Former oil worker, Ahmed Qussai, calls the overcrowded Debaga Internally Displaced Persons (IDPs) camp home. He is actually from Qarrayah in Iraq which was recently liberated by Kurdish forces from. Islamic State (IS). Like thousands of men in this camp, Qussai once worked with western energy companies, guarding the greatest asset of the semi-autonomous Kurdistan Regional Authority (KRG) - the oil and gas under the earth. While he’s furious with IS Qussai has other frustrations that point to major challenges for the KRG's post-IS future as political and military factions take advantage of their chance to change the stakes in the extractives industry.
“We weren’t happy living there,” Qussai says. “We weren’t getting any of the benefits of the oil we were protecting. The government just took the oil and didn’t work with the local people.”
As late as 2014 there was still talk of a Kurdish economic “miracle” as exports and growth increased steadily, and members of the diaspora returned to take part in an oil-fuelled construction boom. But those days are long gone. As global oil prices dropped off, KRG’s oil-dependent economy was hard-hit.
Then, after taking Ramadi and Fallujah, IS focused its efforts north and began to go after oil towns like Mosul and Tikrit with even greater intensity, cutting production and revenues further.
This, combined with the strain of hosting more than a million IDPs and at least 200,000 Syrian refugees means the KRG is now in serious economic trouble.
“The KRG needs more than one billion dollars per month to fit their needs and we have 40 percent per month of what we had before the war with IS,” Rabar Sdiq, the KRG’s Deputy Finance Advisor, told IRIN. “We cannot provide money for investment expenses because our oil production is so much less than our expenses. There are a lot of projects that have stopped.”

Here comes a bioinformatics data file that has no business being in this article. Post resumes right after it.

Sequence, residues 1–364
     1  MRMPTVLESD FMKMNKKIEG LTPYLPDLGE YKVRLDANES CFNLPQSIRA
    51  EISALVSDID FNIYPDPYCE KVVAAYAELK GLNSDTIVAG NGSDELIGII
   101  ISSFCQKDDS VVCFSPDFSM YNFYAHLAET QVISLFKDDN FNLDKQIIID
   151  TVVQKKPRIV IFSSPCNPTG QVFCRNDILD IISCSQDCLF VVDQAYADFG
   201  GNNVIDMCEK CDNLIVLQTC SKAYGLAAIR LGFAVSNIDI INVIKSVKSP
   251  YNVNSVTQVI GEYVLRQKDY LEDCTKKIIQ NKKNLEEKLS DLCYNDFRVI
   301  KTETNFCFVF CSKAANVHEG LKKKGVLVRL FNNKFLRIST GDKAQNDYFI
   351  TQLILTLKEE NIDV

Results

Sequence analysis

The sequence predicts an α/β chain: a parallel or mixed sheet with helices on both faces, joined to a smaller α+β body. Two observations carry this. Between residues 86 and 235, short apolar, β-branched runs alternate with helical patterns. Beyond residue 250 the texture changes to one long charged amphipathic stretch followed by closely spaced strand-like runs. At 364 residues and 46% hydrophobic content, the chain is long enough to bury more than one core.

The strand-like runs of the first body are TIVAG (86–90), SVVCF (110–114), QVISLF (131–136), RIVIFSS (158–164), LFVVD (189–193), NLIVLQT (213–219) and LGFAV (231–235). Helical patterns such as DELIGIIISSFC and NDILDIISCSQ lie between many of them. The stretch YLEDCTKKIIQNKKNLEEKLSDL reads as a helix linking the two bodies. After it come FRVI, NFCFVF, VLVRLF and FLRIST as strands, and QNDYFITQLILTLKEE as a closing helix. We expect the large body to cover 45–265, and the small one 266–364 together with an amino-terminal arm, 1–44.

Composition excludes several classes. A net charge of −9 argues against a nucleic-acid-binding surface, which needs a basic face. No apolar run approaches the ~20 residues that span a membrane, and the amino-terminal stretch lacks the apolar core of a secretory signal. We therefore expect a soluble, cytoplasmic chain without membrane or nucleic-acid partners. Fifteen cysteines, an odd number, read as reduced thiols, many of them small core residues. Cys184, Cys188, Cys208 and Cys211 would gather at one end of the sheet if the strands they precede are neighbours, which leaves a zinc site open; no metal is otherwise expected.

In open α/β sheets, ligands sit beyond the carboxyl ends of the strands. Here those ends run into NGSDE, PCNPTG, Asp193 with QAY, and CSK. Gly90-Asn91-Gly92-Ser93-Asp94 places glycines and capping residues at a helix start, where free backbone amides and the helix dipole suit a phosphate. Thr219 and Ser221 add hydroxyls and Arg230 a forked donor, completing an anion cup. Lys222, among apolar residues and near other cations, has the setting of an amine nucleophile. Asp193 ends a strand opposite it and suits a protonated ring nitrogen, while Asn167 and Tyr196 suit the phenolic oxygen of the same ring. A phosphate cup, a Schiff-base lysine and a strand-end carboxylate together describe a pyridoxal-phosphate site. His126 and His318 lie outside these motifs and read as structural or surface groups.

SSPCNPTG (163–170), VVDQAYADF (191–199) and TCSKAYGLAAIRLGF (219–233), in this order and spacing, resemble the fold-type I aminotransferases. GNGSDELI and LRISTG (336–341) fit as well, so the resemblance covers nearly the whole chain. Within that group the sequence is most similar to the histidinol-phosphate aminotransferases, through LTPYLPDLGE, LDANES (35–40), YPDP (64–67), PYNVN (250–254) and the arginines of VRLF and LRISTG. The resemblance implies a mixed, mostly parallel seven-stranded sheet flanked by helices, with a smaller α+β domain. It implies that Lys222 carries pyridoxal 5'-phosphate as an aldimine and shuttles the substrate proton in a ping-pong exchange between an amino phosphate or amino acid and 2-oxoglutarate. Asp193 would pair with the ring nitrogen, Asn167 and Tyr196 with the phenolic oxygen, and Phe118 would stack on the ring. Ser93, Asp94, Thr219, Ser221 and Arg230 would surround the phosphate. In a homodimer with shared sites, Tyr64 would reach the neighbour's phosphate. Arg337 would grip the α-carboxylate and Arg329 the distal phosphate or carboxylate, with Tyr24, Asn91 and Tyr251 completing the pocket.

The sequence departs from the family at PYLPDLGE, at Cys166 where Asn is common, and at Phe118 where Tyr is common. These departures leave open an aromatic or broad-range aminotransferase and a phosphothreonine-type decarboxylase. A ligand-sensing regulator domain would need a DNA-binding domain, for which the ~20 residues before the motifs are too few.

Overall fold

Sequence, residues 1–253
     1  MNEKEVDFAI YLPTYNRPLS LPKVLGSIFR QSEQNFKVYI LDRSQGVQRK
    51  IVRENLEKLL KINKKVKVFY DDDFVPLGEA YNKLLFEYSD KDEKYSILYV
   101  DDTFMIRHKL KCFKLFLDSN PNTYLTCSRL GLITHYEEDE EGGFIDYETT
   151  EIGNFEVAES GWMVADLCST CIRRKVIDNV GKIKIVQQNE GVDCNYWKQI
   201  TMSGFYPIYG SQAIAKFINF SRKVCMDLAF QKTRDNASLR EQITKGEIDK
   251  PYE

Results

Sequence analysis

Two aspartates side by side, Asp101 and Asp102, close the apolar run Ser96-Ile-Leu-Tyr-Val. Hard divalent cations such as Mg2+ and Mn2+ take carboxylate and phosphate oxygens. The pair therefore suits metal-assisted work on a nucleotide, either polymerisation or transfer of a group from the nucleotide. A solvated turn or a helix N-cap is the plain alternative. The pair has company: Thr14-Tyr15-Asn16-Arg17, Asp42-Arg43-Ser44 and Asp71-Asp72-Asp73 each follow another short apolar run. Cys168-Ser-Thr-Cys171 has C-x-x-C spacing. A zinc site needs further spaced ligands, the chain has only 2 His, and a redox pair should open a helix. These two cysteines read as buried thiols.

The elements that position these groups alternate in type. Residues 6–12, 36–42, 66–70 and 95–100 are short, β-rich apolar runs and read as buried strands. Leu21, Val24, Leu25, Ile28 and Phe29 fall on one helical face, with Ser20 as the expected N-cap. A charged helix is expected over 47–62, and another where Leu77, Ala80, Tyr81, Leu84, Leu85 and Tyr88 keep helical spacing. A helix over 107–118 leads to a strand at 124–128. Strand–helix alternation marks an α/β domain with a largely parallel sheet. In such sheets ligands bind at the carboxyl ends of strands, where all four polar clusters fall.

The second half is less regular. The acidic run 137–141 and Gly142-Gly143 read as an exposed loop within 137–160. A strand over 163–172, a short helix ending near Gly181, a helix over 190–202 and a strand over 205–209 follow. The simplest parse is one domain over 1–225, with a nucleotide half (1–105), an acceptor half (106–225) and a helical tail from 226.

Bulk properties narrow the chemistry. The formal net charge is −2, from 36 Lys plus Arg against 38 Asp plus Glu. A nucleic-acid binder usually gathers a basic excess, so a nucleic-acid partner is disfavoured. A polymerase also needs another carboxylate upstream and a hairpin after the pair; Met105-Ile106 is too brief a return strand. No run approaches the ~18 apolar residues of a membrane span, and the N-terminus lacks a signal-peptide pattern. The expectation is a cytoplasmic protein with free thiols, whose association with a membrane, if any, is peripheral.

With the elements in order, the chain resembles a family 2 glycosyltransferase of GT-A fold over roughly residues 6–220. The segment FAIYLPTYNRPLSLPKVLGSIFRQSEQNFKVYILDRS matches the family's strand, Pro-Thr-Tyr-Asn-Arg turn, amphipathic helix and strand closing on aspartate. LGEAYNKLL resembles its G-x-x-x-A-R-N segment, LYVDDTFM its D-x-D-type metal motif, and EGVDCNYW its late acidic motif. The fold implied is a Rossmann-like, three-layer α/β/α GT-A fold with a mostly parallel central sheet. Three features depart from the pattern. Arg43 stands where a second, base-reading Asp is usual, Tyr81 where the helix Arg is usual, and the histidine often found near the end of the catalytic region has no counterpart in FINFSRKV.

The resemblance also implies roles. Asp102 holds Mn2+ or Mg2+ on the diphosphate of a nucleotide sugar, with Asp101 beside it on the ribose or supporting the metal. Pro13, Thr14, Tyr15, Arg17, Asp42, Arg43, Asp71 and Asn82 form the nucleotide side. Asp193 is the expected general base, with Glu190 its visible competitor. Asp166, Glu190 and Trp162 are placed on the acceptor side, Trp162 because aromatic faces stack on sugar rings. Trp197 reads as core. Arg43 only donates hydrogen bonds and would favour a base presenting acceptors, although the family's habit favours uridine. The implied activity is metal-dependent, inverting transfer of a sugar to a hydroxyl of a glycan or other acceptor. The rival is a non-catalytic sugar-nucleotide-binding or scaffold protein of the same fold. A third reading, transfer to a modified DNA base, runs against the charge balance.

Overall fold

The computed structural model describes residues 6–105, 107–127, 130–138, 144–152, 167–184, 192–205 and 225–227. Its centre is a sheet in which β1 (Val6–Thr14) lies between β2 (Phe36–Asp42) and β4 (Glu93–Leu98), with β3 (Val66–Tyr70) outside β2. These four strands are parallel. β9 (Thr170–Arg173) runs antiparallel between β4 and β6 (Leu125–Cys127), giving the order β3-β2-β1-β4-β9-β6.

It’s not just investment that’s slowed. Civil servants haven’t been paid their full salaries in nearly a year, and at the largest public hospital in the capital of Erbil, doctors are making just US$500 per month -- about $2,000 less than they made before IS showed up. At night, many do shifts at private clinics.
Kareem Shoukmali, director of the hospital, says, “I just feel bad for the people who work for me. They have three or four other jobs. Sometimes they don’t show up for work and I don’t feel like I can yell at them. They need to make money.”
Elsewhere in the capital, children pack into consolidated classrooms at the local primary school, fighting for seats because the teaching staff has been cut.
Many cash machines around the city are no longer stocked with cash, but near the international airport, 50-story luxury apartment buildings, adorned with crystal chandeliers, still house international oil traders and contractors, as well as government employees closely linked to the region’s oil market. Baghdad and Erbil have been fighting over oil for decades, and the epicenter of this battle is the resource-rich governorate of Kirkuk. The Kurds took advantage of the Iraqi army’s all but total collapse in the face of IS to take control of oil that had previously been under the grip of Baghdad in key parts of Kirkuk. Baghdad cut the Kurds’ share of the federal budget in January 2014 (with some dribs and drabs since then), in response to the region’s decision to export oil independently. Their dispute centers around Kirkuk and the share of the revenue from its exported oil, and earlier this year exports from Kirkuk stopped altogether. Baghdad and Erbil announced a deal in September, sanctioned by the United States, that resumed business from Kirkuk's oilfields and split the revenues between the two governments. The agreement is said to be closely tied to cooperation between Kurdish militias and Iraqi forces around the upcoming battle for Mosul.
The dispute over independent Kurdish exports goes on, and some Kurdish officials believe the answer is partition. The KRG’s own parliament has not convened in months and the two leading political parties are at odds over how to divide power in the ministries.
Fouad Hussein, a member of Kirkuk’s provincial oil and gas committee, told IRIN that as the economy has faltered, some locals have moved into IDP camps because at least they have “regular food and water”.